AlejandroLinaresGarcia via Wikimedia Commons // GFDL

Cinco de Mayo is observed by some in the U.S. as a general holiday celebrating Mexican culture. In Mexico, the fifth of May is a local holiday in some areas to commemorate the Battle of Puebla in 1862, when the Mexican army defeated invading French forces under Napoleon III near the town of Puebla.

Puebla is also where the real celebration takes place. In fact, the festivities begin there on May 5 with a parade, the battle reenactment, and a symphony performance, and continue through May 24. Participants can enjoy a film festival, ballet, photo and art exhibits, music, dancing, and food (more information is available on this interactive calendar). There’s also a big reenactment of the Battle of Puebla held in Mexico City (about 100 kilometers west of Puebla) at Peñón de los Baños on May 5. See a video of the parade in Puebla here.


Poulsbo Viking Fest via Facebook

Vikings and wannabe Vikings are invited to the annual Viking Fest May 20-22, to celebrate the Scandinavian founders of Poulsbo and Kitsap County. There’s a parade, music, and footrace, plus a strongman competition, a donut-eating competition, a stand up boat race, and a message in a bottle competition, although there are no details on how one would win that.  


Getty Images

Pélerinage des Gitans in Saintes-Maries-de-la-Mer, France, takes place on May 24-25. It is a celebration of St. Sara, or Sara the Black, the mythic patron saint of the Roma people. St. Sara is also called Sara Kali, which makes a connection between the saint and the Hindu goddess Kali. The Roma originated in India.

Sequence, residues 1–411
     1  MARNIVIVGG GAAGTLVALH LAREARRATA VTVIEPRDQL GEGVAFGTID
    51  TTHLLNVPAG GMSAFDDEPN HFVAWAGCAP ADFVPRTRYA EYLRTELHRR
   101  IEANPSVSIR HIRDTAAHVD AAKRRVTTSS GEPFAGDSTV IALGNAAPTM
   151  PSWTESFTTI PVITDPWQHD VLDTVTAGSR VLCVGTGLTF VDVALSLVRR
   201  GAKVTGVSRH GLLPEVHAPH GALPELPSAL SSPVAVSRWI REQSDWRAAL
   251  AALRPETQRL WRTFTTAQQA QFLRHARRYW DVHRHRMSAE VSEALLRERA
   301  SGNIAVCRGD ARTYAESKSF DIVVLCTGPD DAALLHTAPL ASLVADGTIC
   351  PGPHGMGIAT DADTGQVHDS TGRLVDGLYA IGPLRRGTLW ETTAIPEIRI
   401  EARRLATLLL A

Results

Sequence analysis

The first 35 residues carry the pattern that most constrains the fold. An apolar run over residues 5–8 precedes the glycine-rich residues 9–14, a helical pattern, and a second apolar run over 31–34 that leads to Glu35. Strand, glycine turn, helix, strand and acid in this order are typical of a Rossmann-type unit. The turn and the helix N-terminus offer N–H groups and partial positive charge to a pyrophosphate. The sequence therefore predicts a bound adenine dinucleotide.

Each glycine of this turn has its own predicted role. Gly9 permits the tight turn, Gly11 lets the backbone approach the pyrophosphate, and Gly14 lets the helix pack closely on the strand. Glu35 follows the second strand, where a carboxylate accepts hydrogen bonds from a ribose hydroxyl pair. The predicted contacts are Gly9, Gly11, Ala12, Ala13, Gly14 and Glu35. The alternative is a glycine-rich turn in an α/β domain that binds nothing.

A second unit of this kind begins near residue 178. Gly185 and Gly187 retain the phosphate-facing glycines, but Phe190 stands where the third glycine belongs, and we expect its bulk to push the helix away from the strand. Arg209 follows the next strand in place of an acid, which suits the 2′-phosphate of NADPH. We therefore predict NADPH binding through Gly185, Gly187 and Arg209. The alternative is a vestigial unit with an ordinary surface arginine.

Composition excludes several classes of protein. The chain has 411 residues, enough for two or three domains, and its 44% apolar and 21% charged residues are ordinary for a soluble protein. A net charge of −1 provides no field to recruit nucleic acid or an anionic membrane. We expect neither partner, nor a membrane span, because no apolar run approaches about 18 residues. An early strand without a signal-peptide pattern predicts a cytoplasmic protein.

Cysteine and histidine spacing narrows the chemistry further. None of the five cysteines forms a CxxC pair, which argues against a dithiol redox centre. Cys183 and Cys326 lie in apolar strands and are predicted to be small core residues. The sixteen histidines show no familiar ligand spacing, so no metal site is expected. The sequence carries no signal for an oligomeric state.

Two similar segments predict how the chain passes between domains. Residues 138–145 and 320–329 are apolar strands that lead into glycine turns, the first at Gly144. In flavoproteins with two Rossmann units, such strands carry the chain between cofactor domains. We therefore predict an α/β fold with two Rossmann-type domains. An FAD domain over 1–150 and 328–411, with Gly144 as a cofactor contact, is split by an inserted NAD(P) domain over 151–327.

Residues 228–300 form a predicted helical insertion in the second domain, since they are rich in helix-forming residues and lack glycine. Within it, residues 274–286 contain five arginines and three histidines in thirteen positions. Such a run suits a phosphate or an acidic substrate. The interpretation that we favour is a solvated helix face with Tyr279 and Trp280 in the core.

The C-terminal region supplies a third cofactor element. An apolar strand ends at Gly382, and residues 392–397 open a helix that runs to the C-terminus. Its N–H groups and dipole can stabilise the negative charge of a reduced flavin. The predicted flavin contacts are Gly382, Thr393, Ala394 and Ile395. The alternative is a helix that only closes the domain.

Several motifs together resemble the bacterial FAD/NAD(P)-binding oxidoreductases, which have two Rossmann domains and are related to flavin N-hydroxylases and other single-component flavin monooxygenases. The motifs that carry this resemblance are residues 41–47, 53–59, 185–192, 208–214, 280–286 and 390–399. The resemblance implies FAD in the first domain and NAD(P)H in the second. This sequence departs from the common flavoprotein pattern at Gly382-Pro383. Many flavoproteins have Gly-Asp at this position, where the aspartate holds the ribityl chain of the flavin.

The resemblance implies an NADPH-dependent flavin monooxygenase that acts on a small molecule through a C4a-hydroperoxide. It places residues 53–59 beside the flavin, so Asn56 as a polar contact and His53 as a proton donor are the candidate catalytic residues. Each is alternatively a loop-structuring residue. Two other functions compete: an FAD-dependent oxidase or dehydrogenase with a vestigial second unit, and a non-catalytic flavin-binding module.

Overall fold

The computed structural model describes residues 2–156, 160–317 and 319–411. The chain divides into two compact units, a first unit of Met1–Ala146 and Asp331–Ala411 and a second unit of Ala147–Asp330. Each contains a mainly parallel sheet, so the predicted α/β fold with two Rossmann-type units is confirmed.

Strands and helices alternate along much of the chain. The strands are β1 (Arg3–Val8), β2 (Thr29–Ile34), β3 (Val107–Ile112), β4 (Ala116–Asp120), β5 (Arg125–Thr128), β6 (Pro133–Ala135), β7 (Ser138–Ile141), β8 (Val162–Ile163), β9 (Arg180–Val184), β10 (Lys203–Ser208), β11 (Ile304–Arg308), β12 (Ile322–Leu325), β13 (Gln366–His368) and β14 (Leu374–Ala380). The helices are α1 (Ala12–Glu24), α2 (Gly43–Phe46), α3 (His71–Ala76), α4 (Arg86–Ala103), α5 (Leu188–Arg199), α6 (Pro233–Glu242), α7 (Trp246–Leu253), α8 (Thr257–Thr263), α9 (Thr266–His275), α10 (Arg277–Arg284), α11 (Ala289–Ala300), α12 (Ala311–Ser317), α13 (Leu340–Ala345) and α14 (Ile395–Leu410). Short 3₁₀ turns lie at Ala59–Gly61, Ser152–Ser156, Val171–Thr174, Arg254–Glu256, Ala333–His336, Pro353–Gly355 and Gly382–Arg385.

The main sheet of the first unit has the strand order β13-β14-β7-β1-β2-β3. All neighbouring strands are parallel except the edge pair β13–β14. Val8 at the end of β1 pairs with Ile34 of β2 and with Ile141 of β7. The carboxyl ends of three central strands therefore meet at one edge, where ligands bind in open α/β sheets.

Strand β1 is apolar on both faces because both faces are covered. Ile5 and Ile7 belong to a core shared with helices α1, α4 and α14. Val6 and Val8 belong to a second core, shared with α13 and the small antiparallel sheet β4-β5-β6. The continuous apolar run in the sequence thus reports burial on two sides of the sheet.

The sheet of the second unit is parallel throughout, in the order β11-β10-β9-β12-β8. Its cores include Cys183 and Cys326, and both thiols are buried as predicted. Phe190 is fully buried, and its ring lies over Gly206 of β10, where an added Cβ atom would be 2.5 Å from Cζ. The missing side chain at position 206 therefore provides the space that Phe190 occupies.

Gitans gather from all over Europe during May in the town of Saintes-Maries-de-la-Mer on the River Rhône delta to await the procession of Sara. In the days before the procession, there is a fiesta of music and dancing. On May 24, a statue of St. Sara is carried in a procession from the church to the sea. The next day, the statues of two other Marys, Mary Salome and Mary Jacobe, are carried from the church to the sea, reenacting their arrival in France. Another Roma tradition is to have one’s children baptized in the Rhône during the festival. A trip to Saintes-Maries-de-la-Mer in May has a bonus: Flamingoes gather there during mating season. See a video of the procession of St. Sara in a video here.


Dave Farrance via Wikimedia Commons // CC BY-SA 3.0

The world-famous annual Cheese-Rolling takes place at Cooper’s Hill in Gloucester on the last Monday in May, which is the Spring Bank Holiday in the UK. This year’s roll will be May 30. The competition involves rolling a wheel of cheese down the hill, followed by people trying to catch it. The hill is very steep, and injuries do occur. There are usually four races, and thousands of spectators. The Cooper’s Hill cheese rolling is organized by fans and volunteers without a sponsor, and participants are warned that it is dangerous. However, there’s never a lack of people who want to try it.